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Every now and then, I'll think of something clever to put up here above the review. And without fail, when I actually sit down to type it out... it's gone.
Oh well. Click down below for my thoughts on CouchCrusader's Wingmares, unalloyed with any pith.
Impressions before reading: It is one of those strange quirks of my reading tendencies that, upon seeing a story, I'll save the link and come back to it after an unspecified length of time--even if I'm actively in the mood to read, I almost never read something on the spot. Now, stories can sit there a while, but once one's been in the "to read" pile for more than a couple of months, it tends to stay there for the long haul, whether or not I find the premise intriguing.
This is all buildup to explaining that I saved a copy of this story on my computer more than two years ago, and it's been patiently sitting there until now. Time to see if it justifies the long wait! For the record, it looks like it has promise as a childhood viewpoint story, and I hope it doesn't get too cloying; I've found that that's a pitfall "childhood stories" are prone to.
Zero-ish spoiler summary: The story of the Summer Flight Camp where Rainbow Dash and Fluttershy met, from their less-than-amicable first encounter to Dash's first sonic rainboom.
Thoughts after reading: This is a very predictable story; obviously, we know how it's going to end (Dash and Fluttershy are fast friends, Sonic Rainbooms, etc.), and the major beats throughout are guessable from the summary alone. But then, this story isn't trying to surprise; it's trying, as DPV111 put it in the comments on my last review, to be a "feel-good fic." And on that count, it definitely succeeds.
Dash in this story is recognizably the Dash of the show--brash, arrogant, anti-authoritarian, and so on--but is even more self-absorbed that her future counterpart. Fluttershy is, if possible, even more passive and timorous than in... well, than in the episodes where her being passive and timorous isn't the central plot point (seriously, I'm so over using "Fluttershy learns to be assertive" as an episode theme. Okay, okay, back to the review). That they both learn and grow from one another is a given, but the execution here is believable, natural, and enjoyable in its own right.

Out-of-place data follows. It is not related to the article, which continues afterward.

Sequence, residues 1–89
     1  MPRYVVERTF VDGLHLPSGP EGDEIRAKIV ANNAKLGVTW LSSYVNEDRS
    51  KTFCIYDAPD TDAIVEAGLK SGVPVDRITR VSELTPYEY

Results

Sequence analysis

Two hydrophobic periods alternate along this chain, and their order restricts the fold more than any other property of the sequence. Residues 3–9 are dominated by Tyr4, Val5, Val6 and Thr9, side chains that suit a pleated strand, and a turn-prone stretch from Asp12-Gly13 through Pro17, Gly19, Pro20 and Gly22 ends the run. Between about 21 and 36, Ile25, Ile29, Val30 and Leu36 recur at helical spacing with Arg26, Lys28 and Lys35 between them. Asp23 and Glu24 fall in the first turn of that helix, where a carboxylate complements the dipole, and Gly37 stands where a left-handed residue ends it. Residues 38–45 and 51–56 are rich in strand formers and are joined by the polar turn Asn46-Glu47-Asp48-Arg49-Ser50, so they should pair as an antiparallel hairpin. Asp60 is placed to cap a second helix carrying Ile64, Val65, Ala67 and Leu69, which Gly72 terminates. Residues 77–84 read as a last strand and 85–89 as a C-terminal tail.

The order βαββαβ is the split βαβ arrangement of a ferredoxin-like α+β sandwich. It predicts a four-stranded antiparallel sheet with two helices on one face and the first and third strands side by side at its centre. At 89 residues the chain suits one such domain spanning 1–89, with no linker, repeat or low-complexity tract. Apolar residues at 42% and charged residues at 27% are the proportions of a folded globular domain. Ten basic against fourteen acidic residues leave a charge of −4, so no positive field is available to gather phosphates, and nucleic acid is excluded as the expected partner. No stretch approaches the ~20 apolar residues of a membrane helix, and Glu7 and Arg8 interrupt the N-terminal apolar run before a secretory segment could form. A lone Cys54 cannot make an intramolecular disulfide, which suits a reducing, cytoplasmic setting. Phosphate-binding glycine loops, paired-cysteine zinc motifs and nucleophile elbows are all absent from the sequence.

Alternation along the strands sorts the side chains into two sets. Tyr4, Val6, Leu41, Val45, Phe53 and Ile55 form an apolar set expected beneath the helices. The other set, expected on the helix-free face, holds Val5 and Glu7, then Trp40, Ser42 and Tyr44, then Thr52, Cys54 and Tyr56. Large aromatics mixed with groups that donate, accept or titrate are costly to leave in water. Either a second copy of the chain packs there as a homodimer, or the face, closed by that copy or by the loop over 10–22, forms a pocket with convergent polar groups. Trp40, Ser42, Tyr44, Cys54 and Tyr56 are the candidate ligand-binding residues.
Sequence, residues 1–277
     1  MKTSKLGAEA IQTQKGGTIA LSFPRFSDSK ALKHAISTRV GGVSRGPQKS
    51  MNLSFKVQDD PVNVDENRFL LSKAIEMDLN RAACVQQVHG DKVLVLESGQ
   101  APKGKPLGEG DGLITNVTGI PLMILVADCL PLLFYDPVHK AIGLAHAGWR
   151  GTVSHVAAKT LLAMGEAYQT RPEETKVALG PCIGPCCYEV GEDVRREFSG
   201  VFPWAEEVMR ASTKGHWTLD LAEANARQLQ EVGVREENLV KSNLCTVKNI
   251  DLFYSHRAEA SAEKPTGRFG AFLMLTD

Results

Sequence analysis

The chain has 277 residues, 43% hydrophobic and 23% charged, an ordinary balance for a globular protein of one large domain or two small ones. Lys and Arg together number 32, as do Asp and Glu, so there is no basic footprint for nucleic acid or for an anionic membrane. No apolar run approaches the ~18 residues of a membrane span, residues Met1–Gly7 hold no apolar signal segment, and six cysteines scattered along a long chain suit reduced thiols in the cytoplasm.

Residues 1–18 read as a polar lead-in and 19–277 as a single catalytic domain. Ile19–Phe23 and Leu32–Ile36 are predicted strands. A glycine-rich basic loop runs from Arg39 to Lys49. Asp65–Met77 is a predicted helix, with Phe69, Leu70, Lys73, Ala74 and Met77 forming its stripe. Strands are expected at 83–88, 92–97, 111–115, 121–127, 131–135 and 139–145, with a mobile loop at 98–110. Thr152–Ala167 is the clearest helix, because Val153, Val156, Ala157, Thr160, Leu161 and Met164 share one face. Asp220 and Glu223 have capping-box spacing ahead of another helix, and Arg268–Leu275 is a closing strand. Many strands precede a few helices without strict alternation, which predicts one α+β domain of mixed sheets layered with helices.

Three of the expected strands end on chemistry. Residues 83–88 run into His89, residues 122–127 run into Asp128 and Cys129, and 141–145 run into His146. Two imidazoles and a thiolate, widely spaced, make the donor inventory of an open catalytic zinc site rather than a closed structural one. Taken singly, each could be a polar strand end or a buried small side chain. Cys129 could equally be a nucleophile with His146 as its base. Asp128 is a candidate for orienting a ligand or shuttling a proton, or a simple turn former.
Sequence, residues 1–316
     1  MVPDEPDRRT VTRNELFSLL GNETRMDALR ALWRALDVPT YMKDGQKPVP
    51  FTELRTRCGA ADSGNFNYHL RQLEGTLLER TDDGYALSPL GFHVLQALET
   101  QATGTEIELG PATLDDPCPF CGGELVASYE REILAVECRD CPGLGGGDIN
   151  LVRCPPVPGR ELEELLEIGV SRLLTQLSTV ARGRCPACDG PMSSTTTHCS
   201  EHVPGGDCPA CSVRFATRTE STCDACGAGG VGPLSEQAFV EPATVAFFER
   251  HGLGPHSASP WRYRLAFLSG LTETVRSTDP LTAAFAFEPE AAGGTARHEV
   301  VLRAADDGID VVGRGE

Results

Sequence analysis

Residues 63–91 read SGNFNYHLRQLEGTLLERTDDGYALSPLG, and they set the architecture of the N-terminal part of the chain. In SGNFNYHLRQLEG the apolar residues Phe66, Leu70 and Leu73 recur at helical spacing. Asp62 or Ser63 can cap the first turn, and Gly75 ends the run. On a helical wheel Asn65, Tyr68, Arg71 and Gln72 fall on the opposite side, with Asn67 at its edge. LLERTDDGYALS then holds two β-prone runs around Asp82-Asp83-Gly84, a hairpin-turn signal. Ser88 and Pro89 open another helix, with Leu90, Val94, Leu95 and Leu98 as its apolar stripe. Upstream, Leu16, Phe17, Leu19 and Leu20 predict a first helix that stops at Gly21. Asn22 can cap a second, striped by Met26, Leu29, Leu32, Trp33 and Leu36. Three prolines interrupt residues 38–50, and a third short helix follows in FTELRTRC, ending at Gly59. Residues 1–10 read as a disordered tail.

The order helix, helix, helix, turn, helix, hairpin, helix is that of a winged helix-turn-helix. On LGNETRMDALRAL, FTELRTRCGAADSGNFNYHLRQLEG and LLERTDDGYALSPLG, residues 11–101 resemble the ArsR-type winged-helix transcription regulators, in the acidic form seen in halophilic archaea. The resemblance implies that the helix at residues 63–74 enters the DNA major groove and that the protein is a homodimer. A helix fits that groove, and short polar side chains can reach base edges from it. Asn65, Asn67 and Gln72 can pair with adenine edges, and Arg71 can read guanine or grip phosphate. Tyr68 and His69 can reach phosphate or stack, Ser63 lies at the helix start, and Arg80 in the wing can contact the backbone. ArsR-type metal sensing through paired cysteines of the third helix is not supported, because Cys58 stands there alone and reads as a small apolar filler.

One issue with this story, though, is an occasional wavering of focus. Not on tone, which is delightfully consistent, but on characters. The story seems to alternate between being Dash's story, and being Dash and Fluttershy's, with the result being that despite Fluttershy getting some significant development in the middle of the story, she's all but forgotten by the end--a natural result of the fic being from Dash's PoV, but one which also leaves her role feeling incomplete. That said, the story is consistent in its viewpoint, if not necessarily in its emphasis; it's just a bit jarring that, once the Rainboom race starts, Fluttershy isn't seen again until the epilogue. There's also the question of using significant chunks of dialogue directly from the show. To be fair, these are spiced up nicely with some scene-setting and the like, and are probably necessary given the nature of the story, but I still found them dull by comparison to the rest of Wingmares.
Language is also an occasional issue. Overly flowery language shows up near the beginning of the fic ("Every breath of [the air's] petrichor galvanized her heart...") and occasionally thereafter, where precise but more laconic language is the rule (and the better fit for the story, frankly) through the body of the work. That said, the vocabulary was at least properly utilized throughout; I rather suspect the issue was the author's native vocabulary creeping in where it was unneeded, rather than thesaurus abuse or the like. And beyond that, the technical side of this story is excellent, eminently readable throughout.
CouchCrusader also shows a knack for many styles of writing, from action-heavy race descriptions to heartfelt conversations. One thing I can absolutely say about this story: despite its simple structure and lack of surprises, it's not only engaging, it also shows remarkable breadth.
Star rating: ★★★☆☆ (what does this mean?)
Although it does have its flaws, this story succeeds at being syrupy-sweet without feeling (excessively) contrived, and at being interesting despite its predictability.
Recommendation: This is a great story for anyone looking for a well-fit, tonally consistent expansion on canon (not to mention one that, surprisingly, has basically held up all the way through the middle of season four). I'd call it a "comfort food" fic, though, and while I don't mean that as a disparagement (indeed, if you're looking for such, this is one to read for sure), readers seeking more challenging or exciting fare should look elsewhere.
Next time: Princess Celestia Gets Mugged, by BronyWriter